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Everything you need to know about AWS RDS

RDS stands for Relational Database Service.
Relational databases are organized into tables where they have rows for the data items and columns which are the fields in the database.
These tables are structured in a way they are related to each other. Each specific type of domain data is stored in its own table.

I still remember that in my university times I used Visual Paradigm in a class to design these diagrams, but you can just go to and easily draw a relational database diagram there.
Here is an example of a table:

When should we use RDS databases?
Typically RDS is used for OLTP, Online Transaction Processing workloads.
What are the databases available with RDS?
MS SQL Server
Maria DB
Amazon Aurora

Aurora is the AWS offer for RDS databases and it’s compatible with MySQL and PostgreSQL, but more performant and scales automatically.
With RDS, you can launch in multi availability zones, you can also configure failover capability and automated backups.
How long does it usually take to install oracle on brand new servers and configure a basic cluster with replication to another data center and also configure daily backups? Usually, that would take several days to get everything up and running on production.
But with AWS RDS you can get it up and running in a matter of minutes.
OLTP processes data from transactions in real-time. Focus on large amounts of small transactions in real-time.
OLAP processes complex queries to analyze historical data. Focus on data analysis, large amounts of complex data, and complex queries that take a long time to complete.

Use cases
It makes sense to store customer orders on a table like a customer table that is shown above in this document.
OLAP can be used for example for the NET Profit Analysis of car sales for example for the last 3 years, across different countries, costs, sales prices, sales prices compared to the unit cost.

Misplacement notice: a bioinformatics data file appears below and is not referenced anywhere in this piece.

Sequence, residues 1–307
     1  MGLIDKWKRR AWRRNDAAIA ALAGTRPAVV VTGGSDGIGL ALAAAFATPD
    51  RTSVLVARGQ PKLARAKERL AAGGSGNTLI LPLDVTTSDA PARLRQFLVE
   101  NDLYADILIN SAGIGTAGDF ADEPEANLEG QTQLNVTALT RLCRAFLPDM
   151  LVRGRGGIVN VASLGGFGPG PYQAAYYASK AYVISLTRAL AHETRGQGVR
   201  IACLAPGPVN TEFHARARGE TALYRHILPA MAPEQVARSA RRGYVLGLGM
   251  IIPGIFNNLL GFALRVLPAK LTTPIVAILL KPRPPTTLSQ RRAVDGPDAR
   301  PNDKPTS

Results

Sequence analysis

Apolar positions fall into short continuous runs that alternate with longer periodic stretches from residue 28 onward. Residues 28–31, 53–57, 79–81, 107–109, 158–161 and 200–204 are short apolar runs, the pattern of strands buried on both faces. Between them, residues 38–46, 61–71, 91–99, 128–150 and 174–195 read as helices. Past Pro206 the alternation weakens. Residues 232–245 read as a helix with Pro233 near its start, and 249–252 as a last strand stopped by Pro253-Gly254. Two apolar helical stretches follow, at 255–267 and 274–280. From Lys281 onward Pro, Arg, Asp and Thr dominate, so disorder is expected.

For OLAP, in AWS you should use something like RedShift which is a data warehouse.
RDS Multi-AZ and Read Replicas
What is Multi-AZ?
Multi-AZ is an exact copy of your production database in another availability zone.
If you’re running an application on some easy EC2 instances behind an elastic load balancer, and they are storing that data on an RDS database with Multi-AZ enabled.
With Multi-AZ we have a primary RDS instance and in this example, our primary is located in one specific AZ, lets, say us-east-1.
And we have a standby RDS instance, located in a different availability zone.
And in this case, our standby is located in us-east-2.
An RDS will replicate the data from the primary instance to standby.
Now under normal circumstances with everything operating as expected, the standby RDS instance is not visible or accessible to the application servers.
But if something goes wrong with our primary database instance, it could be there’s a hardware issue or even a problem with the entire availability zone, we still have another database instance in the standby location. And RDS will automatically failover to the standby database instance.
And AWS handles all the replication between primary and secondary, so you don’t have to configure anything yourself.
And when you write to your production database, this right will automatically synchronize to the standby database.
All types of RDS databases can be configured as Multi-AZ
The main purpose of Multi-AZ is to provide resilience and keep your application up and running.
If you are performing maintenance on your primary RDS instance. And in the event of an unplanned failure, RDS will automatically failover to the standby so that database operations can resume quickly, without any administrative intervention.
It will automatically failover to the secondary instance and your application can keep on running. And it’s really important to understand that Multi-AZ is for disaster recovery.
It’s for DR and it is not for scaling out and improving performance, so that means that you cannot do this. So you cannot have your database clients or your application servers connecting to both the primary and standby simultaneously.
And you might be thinking if Multi-AZ can’t be used for improving performance, then what can I use to improve performance?
And that’s a good question because the main thing you can do to improve performance and particularly read performance is to add Read Replicas.

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What is a Read Replica?